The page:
Rolling Stone resists
The magazine was back in court February 9 in Roanoke to ask a judge to throw out a $3 million jury award to UVA administrator Nicole Eramo for defamation, arguing Eramo didn’t prove reporter Sabrina Erdely acted with actual malice and that running a correction isn’t defamatory republication. Judge Glen Conrad will rule in a few weeks.
Behind-the-scenes civil rights activist
Paul Saunier, who helped recruit black students to UVA in the ’60s, support them once here and who convinced most Corner businesses to desegregate in 1962 while he served as an adviser to the university’s then-president Edgar Shannon, died February 8 at age 97.
Super Bowl winner Chris Long, a St. Anne’s-Belfield and UVA grad and son of Howie, says he will not join his fellow New England Patriots in the traditional visit to the White House.
Music and development magnate Coran Capshaw comes in at No. 11 on Billboard’s Power 100 list—he was No. 7 last year.
Psychic’s husband sentenced
Donnie Marks will spend 33 months in prison and was ordered to pay $5.5 million in restitution to the victims he and his wife, Sandra Marks, aka Psychic Catherine, bilked when she claimed she could remove curses by cleansing large sums of cash. Marks, who is serving 30 months, met her marks at Synchronicity, a spiritual facility in Nelson.
The Austin-style taco shop posted a video of two hooded thieves attempting to break into its cash register with what appeared to be a hammer over the weekend. The “knuckleheads,” as Brazos Tacos called them on Instagram, were caught by the Charlottesville Police Department.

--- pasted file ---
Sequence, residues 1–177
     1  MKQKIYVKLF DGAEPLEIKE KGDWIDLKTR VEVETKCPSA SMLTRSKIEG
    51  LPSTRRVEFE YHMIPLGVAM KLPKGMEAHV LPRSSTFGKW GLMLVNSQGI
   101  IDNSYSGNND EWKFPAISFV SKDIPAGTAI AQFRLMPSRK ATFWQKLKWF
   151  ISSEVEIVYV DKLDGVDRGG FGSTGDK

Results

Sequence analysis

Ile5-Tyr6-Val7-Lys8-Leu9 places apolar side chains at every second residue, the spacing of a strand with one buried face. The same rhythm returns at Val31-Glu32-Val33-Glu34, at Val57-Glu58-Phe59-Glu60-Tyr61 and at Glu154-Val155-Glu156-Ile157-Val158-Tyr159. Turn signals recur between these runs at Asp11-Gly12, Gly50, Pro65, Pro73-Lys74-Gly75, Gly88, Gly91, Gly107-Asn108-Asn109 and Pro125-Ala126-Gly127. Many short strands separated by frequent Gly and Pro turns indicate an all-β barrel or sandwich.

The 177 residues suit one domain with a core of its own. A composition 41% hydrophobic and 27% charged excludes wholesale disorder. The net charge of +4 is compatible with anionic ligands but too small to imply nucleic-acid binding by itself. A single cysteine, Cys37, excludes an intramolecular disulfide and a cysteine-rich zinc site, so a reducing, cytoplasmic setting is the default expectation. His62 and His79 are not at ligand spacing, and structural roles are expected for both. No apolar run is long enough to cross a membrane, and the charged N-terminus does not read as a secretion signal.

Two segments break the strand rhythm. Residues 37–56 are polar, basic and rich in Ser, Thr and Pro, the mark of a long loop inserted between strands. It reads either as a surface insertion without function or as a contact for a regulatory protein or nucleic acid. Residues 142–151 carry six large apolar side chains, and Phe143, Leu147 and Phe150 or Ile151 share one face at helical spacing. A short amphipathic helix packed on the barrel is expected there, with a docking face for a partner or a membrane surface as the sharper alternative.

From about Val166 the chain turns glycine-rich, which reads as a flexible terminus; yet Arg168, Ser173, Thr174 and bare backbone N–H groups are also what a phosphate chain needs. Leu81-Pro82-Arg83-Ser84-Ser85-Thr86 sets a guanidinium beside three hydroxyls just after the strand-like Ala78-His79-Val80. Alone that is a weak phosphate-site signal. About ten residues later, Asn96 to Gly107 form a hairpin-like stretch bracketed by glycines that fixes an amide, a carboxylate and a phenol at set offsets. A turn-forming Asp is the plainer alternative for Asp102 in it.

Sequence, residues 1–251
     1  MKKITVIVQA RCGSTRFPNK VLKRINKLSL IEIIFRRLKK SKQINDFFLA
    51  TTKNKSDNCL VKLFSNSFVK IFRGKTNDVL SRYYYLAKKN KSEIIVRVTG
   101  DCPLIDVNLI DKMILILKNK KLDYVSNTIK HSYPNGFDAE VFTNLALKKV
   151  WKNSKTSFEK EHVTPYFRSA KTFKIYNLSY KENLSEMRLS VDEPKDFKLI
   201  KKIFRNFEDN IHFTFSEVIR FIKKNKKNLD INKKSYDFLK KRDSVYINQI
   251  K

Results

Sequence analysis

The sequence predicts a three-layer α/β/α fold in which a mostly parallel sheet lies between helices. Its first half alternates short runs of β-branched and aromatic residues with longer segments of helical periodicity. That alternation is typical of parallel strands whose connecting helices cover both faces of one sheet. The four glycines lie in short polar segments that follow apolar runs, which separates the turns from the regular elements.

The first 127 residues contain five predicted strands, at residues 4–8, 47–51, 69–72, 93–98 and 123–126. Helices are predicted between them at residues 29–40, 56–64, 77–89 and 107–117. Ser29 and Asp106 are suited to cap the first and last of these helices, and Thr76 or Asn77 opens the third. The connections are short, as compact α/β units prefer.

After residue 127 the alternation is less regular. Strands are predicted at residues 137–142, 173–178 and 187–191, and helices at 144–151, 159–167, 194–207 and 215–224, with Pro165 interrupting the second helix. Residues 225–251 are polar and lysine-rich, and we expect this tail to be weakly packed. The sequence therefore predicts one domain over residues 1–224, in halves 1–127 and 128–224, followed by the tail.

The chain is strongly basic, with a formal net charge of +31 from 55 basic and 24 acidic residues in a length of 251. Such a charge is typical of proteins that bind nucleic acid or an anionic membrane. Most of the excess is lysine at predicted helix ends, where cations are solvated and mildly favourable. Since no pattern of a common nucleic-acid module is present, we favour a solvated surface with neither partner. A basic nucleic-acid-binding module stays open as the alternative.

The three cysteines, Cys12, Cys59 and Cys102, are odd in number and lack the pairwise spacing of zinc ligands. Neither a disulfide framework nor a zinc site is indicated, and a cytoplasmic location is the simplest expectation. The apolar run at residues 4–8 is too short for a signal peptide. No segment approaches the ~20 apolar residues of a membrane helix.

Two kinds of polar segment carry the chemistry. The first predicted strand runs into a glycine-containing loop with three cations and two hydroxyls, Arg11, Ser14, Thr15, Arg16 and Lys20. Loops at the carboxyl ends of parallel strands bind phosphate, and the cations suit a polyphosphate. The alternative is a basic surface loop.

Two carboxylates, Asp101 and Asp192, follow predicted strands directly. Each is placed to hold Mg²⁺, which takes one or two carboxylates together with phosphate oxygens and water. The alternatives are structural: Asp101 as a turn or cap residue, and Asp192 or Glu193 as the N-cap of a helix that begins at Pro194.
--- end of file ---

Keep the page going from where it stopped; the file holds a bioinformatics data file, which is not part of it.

Demonstrations are becoming the new norm since the election of Donald Trump, and last Saturday saw at least three occasions of citizens exercising their rights to assemble. Although mostly peaceful, the demonstration and counterprotest at Lee Park got loud.
Gubernatorial candidate Corey Stewart came to denounce City Council’s decision to remove the statue of General Robert E. Lee, bringing with him Thaddeus Dionne Alexander, who became a social media sensation for telling Hillary Clinton supporters to “stop being crybabies.” Stewart was met by protesters shouting, “Hey hey, ho ho, white supremacy’s got to go,” and his campaign described them as “an aggressive mob of liberal protesters.” WINA’s Rob Schilling captured on video WCHV’s Joe Thomas being verbally blasted by a bullhorn-wielding demonstrator.
Congressman Tom Garrett’s Berkmar Crossing office has been the venue of regular Tuesday protests since he was sworn in, and Charlottesville NOW’s February 11 protest brought hundreds to decry the defunding of Planned Parenthood. Down the road, a smaller anti-abortion group carried signs outside of Planned Parenthood’s facility.
Last week was crossover week, when each chamber had completed work on its own bills and began considering legislation passed by the other body. Local delegates had these bills passed.
Free speech on campus bill: For when the First Amendment isn’t enough.
Beloved bill redux: Requires boards of education to notify parents when materials have explicit content that would be defined as felonious sexual assault.
Tebow bill: Bell carries his bill for about the 18th time that would allow homeschooled kids to play public school sports. The governor vetoed it last year.
Misdemeanor DNA: Resolution requesting a study on expanding the use of DNA is headed to the Crime Commission for consideration.
Matt Fariss, R-Rustburg
Dangerous dog: Amends law to specify a nip doesn’t make a canine a menace.
Quote of the week
“Newby Gov candidate @Denver4Governor’s inexperience is showing. Doesn’t he know I voted AGAINST moving Lee statue?!”—Mayor Mike Signer responds to Denver Riggleman on Twitter